MODESTO -- (KTVU) -- Chemicals being used to boost the growth of illegal marijuana plants on California state park land could also pose a threat to animals, water supplies -- and possibly threaten humans, officials say.
The recent El Nino rains has resulted in an earlier growing season, which has also helped boost an illegal cartel that is cultivating a marijuana growing operation hidden from view.
The effort to fight the pot plants may have unintended dire consequences for plant and wildlife that also occupy the same land.
In a remote section of Stanislaus County, a walk in the woods turned into a race to arrest suspects accused of running an illegal cartel-style marijuana growing operation. The law enforcement officers are part of an elite task force that is often hot on the heels of suspects involved in the operation.
In a recent operation that netted the arrest of seven suspects, two police canines named Smoke and Phebe helped law enforcement officers make arrests.
"This is an illegal trespass grow site," said Lt. John Nores of the California Department of Fish & Wildlife, referring to a 10-plot stretch of land that housed two separate illegal grow encampments in Crows Landing. The sites siphoned off millions of gallons of water for growing strength from the nearby San Joaquin River.
Law enforcement officers also seized 20,000 marijuana plants that had a street value of at least $20 million, two handguns and a 12-gauge shotgun.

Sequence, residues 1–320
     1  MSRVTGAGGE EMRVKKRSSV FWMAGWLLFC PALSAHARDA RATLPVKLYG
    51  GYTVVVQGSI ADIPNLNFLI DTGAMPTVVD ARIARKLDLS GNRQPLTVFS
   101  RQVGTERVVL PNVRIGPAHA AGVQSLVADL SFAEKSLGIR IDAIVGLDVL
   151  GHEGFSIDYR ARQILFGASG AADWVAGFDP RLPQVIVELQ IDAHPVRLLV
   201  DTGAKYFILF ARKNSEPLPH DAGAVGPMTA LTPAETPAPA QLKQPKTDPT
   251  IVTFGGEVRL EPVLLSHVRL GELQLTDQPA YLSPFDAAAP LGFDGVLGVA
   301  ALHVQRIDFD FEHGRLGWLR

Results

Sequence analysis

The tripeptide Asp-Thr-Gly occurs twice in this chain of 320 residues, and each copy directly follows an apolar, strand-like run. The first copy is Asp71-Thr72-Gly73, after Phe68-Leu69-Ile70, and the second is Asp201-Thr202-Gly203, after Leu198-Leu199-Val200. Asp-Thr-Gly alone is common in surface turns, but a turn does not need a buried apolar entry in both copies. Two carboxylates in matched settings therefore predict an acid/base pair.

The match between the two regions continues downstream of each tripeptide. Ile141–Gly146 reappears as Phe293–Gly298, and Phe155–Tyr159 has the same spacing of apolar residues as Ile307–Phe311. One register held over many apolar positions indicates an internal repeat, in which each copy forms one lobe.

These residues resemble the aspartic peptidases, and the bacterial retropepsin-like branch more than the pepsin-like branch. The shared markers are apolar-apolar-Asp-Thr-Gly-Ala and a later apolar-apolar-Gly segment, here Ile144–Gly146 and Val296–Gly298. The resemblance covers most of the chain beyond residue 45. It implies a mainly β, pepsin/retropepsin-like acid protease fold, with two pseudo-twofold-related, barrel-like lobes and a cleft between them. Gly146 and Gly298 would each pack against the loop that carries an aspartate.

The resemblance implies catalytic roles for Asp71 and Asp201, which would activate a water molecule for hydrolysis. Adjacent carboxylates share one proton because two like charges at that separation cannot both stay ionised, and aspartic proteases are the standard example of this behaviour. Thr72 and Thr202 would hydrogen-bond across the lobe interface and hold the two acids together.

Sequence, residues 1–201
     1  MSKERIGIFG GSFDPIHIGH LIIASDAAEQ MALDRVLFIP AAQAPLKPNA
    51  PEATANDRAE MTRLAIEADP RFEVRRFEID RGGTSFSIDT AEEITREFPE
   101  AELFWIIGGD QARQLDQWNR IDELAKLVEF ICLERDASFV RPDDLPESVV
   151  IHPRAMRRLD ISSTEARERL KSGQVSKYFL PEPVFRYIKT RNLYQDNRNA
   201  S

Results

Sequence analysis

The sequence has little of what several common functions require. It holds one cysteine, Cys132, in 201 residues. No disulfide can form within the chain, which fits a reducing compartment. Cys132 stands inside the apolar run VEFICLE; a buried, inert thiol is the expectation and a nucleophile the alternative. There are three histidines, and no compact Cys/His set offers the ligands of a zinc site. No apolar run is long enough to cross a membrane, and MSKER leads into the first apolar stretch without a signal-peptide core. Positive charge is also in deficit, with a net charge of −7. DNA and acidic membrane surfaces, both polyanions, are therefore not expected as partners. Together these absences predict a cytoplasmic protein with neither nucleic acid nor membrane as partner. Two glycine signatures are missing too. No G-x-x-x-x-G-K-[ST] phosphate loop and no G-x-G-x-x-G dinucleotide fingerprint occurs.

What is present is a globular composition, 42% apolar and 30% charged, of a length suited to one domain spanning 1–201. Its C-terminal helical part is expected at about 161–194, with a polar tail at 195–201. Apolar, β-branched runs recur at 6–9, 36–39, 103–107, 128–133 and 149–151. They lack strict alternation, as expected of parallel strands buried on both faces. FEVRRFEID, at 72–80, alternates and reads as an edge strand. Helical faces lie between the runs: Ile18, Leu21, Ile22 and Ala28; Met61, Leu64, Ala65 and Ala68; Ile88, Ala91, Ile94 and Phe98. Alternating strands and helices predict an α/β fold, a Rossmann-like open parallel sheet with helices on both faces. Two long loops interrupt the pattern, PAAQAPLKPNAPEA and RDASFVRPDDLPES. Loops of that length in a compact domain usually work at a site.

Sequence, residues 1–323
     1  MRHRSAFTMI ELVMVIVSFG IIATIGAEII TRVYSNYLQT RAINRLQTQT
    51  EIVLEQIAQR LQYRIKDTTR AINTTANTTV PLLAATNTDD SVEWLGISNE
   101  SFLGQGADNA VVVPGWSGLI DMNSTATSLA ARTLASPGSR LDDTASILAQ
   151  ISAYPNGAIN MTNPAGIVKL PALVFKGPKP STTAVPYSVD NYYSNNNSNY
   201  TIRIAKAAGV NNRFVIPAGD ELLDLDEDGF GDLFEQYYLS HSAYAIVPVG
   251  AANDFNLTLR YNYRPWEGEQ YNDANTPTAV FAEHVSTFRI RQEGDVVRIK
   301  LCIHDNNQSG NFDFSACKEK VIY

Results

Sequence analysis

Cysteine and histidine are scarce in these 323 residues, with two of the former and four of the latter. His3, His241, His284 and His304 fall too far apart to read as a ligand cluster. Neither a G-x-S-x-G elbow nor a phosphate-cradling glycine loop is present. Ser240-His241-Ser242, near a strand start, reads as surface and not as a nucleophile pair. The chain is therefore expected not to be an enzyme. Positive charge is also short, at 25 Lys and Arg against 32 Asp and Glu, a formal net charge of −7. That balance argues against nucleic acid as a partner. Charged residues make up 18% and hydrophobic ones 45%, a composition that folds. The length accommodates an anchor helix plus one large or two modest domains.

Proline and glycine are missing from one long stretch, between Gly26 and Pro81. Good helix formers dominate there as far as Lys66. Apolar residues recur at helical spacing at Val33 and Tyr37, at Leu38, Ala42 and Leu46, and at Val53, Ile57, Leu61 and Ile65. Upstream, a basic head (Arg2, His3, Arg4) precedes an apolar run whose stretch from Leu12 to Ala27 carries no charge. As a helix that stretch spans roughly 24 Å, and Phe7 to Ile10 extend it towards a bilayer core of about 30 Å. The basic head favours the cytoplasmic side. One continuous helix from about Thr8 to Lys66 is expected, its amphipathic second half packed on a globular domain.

The bust also yielded more insight about how toxic poisons are being used to help boost the growth of the marijuana plants. The cartels are using Furadan and Metaphos, which are spread on the marijuana plant leaves and on the ground. Regulators in the U.S. banned the chemicals for domestic use several years ago because of its high toxicity levels.
"It kills rodents, small game and big game like bears, deer, mountain lions," Nores said. "Pretty much anything that ingests it or even breathes it can die."
The chemical can even leach into water supplies and kill animals that drink the tainted water. The chemicals are also hazardous for fish and marine life that inhabit the tainted waterways.
Following the arrests in Stanislaus County, the law enforcement task force checked and cleared the encampment of toxic marijuana and garbage. A helicopter is used to lift the tainted weed and deposit it into trucks, where it will be pulverized and buried.
"If we leave all those camp by-products, water lines and pollutants out in the wild, all of those poisons will wash into the San Joaquin River where it will kill more fish and poison more water," Nores said. "So if we don't take it out, our wildlife resources in California" will suffer.
Investigators will search for the next several months to root out the illegal marijuana growth camps.
by KTVU reporter Jesse Gary.